If your shell is rotten to the core ahead of the front bulkhead, why not ’frame it? Scared? Don’t be – here’s how to spaceframe your classic Ford.
One common rot area on classic Fords, especially Escorts, is under the bonnet. Strut tops, wing rails and the inner wings are all prone to rusting thanks to the battering they get from water and mud thrown up by the front wheels.
To repair a rotten front end properly will take many hours of work, and many more Pound notes, especially if the complete inner wings need replacing. If you are not building a concours car there are other options to the standard repair procedure. How about a full spaceframe front end, ideal if you are adding a cage and plan some track time with your car? This may seem like a daunting task to cut away the entire front end of your car and start again but as we will show you over the next two issues it can be done with a little thought and planning. Even if you decide to send your car off to a professional for the work it will still be cheaper than a standard rebuild, as Retro Motorsport quote from £1400 including bulkhead and camber-adjustable top plates.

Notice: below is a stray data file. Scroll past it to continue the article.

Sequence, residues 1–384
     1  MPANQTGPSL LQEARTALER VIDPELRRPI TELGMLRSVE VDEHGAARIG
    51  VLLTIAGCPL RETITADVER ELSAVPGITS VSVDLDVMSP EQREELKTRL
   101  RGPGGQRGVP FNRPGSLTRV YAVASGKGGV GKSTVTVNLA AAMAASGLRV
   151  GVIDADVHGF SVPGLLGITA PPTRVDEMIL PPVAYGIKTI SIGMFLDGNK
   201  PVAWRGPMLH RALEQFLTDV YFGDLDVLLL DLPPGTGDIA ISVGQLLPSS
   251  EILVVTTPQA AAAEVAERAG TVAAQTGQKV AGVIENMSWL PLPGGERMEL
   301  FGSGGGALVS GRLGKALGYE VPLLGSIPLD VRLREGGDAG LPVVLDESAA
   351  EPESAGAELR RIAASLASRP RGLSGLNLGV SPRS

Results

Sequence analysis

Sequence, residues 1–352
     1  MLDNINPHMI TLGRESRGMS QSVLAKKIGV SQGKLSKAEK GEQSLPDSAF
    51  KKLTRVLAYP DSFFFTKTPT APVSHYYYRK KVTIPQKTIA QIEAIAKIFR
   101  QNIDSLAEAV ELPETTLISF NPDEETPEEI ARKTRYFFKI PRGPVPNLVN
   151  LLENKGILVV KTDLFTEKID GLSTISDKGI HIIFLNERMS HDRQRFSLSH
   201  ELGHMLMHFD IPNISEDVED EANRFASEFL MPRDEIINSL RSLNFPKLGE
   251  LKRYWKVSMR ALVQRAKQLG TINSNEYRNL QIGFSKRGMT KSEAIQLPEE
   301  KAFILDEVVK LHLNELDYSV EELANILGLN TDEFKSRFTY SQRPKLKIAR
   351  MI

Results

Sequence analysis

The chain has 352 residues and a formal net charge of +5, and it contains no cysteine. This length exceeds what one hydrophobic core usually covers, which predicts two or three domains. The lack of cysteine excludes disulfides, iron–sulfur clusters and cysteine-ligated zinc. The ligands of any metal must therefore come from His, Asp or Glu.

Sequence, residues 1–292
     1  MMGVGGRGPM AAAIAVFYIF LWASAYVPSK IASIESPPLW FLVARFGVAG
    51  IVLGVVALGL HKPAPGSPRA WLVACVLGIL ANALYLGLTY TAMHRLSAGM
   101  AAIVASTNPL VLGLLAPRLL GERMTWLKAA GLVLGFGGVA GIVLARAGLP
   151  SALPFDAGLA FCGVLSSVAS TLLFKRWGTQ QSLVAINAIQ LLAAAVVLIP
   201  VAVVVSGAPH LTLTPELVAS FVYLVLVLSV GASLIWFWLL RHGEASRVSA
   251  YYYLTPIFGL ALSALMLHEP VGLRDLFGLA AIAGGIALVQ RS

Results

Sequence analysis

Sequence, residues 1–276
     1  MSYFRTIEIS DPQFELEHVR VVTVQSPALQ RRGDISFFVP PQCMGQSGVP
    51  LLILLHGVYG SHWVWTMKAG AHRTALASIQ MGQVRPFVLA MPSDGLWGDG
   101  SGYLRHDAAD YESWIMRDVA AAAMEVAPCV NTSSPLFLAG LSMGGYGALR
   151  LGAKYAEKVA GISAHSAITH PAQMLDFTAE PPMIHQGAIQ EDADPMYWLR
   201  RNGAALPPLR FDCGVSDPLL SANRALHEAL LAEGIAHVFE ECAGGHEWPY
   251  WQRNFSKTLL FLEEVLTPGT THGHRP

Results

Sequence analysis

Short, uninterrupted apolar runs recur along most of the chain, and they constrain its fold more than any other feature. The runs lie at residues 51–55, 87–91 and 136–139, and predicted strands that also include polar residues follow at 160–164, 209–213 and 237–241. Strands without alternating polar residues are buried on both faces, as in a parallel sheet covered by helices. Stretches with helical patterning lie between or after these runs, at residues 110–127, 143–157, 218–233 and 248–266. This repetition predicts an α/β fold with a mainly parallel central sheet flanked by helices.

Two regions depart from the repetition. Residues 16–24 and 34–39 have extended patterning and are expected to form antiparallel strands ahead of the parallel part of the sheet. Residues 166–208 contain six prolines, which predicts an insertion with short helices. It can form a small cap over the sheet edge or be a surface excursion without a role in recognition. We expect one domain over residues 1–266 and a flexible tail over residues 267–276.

The main consideration is maintaining the standard front end geometry, as this cost Ford millions to develop and there is no sense in trying to reinvent the wheel. The standard front crossmember can be retained along with the position of the strut tops so everything is kept exactly as it should be. So before you go hacking away at the front of the car you need to take as many measurements as possible and construct a suitable jig. Measurements to take include the position of the strut towers on the chassis rail, strut top position and strut height. To construct the jig you will need to bolt some box section tube between the crossmember mounting holes and the anti-roll bar mounts and then link this up to the strut top with some angle and box section bolting through the strut top mounting holes. Once the inner wings are then removed you will be able to mount the jig back on the car and you will have the position of the strut tops set for you. The jig needs to be sturdy so that it doesn’t flex or move when it is taken on and off the car. This can be checked against the measurements taken earlier.
Gary Martin has built a number of these cars and once again he has let us into the workshop to see exactly how it is done. This month we see the construction on the main structure and we will continue next issue with the fabrication of the strut towers and the mounting of the body panels, in this case fibreglass wings and bonnet with a steel front panel. Without further ado, here’s how to spaceframe your classic Ford.
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